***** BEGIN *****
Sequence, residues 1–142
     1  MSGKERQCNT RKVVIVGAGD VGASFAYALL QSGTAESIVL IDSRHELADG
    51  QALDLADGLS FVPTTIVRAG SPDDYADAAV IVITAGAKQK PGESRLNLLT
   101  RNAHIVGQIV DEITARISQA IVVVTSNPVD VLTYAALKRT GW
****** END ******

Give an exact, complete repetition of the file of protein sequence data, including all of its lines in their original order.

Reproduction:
Sequence, residues 1–142
     1  MSGKERQCNT RKVVIVGAGD VGASFAYALL QSGTAESIVL IDSRHELADG
    51  QALDLADGLS FVPTTIVRAG SPDDYADAAV IVITAGAKQK PGESRLNLLT
   101  RNAHIVGQIV DEITARISQA IVVVTSNPVD VLTYAALKRT GW